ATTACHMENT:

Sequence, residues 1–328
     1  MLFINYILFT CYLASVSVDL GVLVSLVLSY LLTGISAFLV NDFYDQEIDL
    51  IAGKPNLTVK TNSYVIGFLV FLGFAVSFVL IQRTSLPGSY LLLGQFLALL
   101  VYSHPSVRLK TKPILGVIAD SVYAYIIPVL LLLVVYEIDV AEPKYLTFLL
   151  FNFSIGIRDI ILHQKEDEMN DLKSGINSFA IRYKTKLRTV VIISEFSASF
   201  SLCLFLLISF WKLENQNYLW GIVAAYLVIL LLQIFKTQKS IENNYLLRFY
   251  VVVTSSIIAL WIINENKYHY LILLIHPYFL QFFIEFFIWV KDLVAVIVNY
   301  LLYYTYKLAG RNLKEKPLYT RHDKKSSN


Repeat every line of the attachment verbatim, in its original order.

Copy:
Sequence, residues 1–328
     1  MLFINYILFT CYLASVSVDL GVLVSLVLSY LLTGISAFLV NDFYDQEIDL
    51  IAGKPNLTVK TNSYVIGFLV FLGFAVSFVL IQRTSLPGSY LLLGQFLALL
   101  VYSHPSVRLK TKPILGVIAD SVYAYIIPVL LLLVVYEIDV AEPKYLTFLL
   151  FNFSIGIRDI ILHQKEDEMN DLKSGINSFA IRYKTKLRTV VIISEFSASF
   201  SLCLFLLISF WKLENQNYLW GIVAAYLVIL LLQIFKTQKS IENNYLLRFY
   251  VVVTSSIIAL WIINENKYHY LILLIHPYFL QFFIEFFIWV KDLVAVIVNY
   301  LLYYTYKLAG RNLKEKPLYT RHDKKSSN